Canada Disability Savings Program (RDSP)
The Canada Disability Savings Program (RDSP) is a government initiative introduced in 2008 to help individuals with disabilities save for their long-term financial security. It is a registered savings plan that allows individuals with disabilities to contribute and receive various grants and bonds from the government.
1. What is the purpose of the Canada Disability Savings Program?
The main purpose of the Canada Disability Savings Program is to encourage individuals with disabilities and their families to save for their future financial needs. It aims to provide long-term financial security and improve the overall quality of life for people with disabilities.
2. Who is eligible to open a RDSP?
To be eligible for a RDSP, the individual must be a resident of Canada, have a valid Social Insurance Number (SIN), be eligible for the Disability Tax Credit (DTC), and be under the age of 60. Parents or guardians can open an RDSP on behalf of a beneficiary who meets these criteria.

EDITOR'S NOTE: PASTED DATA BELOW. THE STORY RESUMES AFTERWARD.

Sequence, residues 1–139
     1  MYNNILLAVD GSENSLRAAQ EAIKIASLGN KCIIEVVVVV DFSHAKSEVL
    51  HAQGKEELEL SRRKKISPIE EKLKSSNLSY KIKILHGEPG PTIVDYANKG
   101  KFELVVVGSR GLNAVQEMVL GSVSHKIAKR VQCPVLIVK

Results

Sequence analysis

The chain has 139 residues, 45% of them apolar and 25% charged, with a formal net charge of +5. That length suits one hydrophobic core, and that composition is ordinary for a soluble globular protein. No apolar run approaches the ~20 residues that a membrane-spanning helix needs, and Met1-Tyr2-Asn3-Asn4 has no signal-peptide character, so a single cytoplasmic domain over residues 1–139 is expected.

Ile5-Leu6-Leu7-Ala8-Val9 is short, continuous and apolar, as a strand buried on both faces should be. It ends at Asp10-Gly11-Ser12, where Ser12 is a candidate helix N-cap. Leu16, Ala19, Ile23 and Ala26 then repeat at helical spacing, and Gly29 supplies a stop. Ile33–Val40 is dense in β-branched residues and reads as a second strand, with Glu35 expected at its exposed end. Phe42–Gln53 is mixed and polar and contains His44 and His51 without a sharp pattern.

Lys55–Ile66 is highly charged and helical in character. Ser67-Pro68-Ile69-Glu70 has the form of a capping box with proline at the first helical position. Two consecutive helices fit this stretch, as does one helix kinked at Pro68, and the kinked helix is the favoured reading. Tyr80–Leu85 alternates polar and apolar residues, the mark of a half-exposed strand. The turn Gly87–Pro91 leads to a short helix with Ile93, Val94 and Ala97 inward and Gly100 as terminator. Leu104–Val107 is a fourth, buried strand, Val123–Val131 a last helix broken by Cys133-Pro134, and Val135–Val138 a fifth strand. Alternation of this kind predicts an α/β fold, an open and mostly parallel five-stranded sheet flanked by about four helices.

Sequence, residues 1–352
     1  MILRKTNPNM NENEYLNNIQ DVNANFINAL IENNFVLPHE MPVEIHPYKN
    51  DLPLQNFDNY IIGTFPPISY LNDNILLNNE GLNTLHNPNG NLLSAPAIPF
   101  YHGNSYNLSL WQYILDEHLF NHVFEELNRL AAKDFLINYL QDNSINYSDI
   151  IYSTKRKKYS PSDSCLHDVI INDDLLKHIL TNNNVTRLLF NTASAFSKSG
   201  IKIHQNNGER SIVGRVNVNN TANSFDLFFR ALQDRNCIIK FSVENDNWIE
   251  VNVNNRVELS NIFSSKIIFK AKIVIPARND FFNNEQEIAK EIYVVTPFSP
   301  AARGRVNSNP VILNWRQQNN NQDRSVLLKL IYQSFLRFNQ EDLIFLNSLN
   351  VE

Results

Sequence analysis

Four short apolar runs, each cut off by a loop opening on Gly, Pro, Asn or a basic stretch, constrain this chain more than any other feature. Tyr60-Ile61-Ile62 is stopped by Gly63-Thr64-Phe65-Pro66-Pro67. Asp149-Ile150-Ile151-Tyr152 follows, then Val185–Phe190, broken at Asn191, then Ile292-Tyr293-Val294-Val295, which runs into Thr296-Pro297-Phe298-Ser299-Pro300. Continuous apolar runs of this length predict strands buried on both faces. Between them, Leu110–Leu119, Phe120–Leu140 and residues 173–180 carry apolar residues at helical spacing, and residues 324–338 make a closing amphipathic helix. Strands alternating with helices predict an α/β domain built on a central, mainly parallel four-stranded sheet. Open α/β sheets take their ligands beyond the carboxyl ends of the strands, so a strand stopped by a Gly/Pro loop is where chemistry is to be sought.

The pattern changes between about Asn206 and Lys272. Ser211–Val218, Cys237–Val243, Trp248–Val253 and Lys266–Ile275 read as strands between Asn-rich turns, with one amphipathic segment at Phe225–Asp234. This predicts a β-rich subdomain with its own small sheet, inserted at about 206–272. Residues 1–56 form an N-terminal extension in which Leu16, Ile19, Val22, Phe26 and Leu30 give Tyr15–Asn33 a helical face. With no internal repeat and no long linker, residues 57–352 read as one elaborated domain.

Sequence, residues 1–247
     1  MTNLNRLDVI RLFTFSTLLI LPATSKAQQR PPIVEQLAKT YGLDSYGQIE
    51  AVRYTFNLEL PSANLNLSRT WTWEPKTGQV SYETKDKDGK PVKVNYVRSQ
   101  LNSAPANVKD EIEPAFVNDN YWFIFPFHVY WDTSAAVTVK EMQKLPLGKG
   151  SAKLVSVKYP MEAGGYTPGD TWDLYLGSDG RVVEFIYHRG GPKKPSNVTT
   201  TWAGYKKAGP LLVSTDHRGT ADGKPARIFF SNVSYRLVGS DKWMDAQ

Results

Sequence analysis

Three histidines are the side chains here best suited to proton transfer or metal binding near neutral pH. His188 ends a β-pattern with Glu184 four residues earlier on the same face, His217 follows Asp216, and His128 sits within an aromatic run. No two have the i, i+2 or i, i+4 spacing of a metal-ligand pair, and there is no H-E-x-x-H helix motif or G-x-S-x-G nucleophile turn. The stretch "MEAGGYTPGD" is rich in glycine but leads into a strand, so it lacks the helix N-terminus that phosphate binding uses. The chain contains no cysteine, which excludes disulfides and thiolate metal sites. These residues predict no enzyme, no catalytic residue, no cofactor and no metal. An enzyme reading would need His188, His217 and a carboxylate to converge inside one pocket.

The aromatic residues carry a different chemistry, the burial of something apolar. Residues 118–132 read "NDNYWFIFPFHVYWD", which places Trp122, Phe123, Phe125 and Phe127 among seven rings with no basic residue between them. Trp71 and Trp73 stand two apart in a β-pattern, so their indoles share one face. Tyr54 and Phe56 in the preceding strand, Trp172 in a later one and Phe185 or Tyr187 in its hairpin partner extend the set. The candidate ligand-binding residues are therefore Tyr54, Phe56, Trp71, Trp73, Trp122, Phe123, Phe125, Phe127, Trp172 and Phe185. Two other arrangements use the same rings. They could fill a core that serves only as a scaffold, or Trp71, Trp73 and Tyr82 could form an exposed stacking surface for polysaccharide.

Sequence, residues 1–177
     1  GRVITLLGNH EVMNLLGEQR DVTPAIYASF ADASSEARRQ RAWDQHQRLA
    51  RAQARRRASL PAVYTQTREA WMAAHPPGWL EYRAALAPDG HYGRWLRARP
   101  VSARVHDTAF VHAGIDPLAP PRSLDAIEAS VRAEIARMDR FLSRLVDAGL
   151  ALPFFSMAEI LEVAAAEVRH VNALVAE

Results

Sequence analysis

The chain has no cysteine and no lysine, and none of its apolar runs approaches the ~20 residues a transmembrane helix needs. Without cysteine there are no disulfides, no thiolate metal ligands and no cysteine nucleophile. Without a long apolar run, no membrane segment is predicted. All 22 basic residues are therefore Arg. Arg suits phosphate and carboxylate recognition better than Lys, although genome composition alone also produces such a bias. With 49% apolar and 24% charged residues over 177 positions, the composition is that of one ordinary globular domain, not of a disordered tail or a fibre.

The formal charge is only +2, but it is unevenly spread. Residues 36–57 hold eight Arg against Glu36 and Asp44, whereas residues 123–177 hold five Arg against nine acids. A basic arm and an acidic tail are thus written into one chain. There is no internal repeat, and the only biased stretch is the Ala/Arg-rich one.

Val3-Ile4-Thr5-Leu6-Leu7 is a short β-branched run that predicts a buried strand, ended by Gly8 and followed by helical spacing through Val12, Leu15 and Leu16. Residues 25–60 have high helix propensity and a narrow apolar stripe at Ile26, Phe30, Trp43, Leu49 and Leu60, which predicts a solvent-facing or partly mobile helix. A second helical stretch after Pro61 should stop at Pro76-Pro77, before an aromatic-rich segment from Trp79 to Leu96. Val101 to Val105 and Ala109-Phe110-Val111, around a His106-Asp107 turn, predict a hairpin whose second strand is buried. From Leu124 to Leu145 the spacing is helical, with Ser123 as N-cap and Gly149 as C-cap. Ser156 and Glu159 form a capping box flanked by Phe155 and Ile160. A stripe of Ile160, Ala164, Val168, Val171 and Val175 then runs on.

3. What are the benefits of opening a RDSP?
The benefits of opening a RDSP include the potential for government contributions in the form of grants and bonds, tax-sheltered growth on investments, and the ability to withdraw funds tax-free. Additionally, RDSP funds do not impact eligibility for government benefits or tax credits.
4. How do government contributions to a RDSP work?
The government provides contributions to RDSPs through the Canada Disability Savings Grant and the Canada Disability Savings Bond. The grant matches contributions made by the beneficiary and their family, while the bond provides annual contributions for low-income individuals.
5. Can funds be withdrawn from a RDSP?
Yes, funds can be withdrawn from a RDSP at any time, but they are subject to specific rules and restrictions. Withdrawals are called Disability Assistance Payments (DAPs) and must be reported as taxable income for the beneficiary in the year they are received.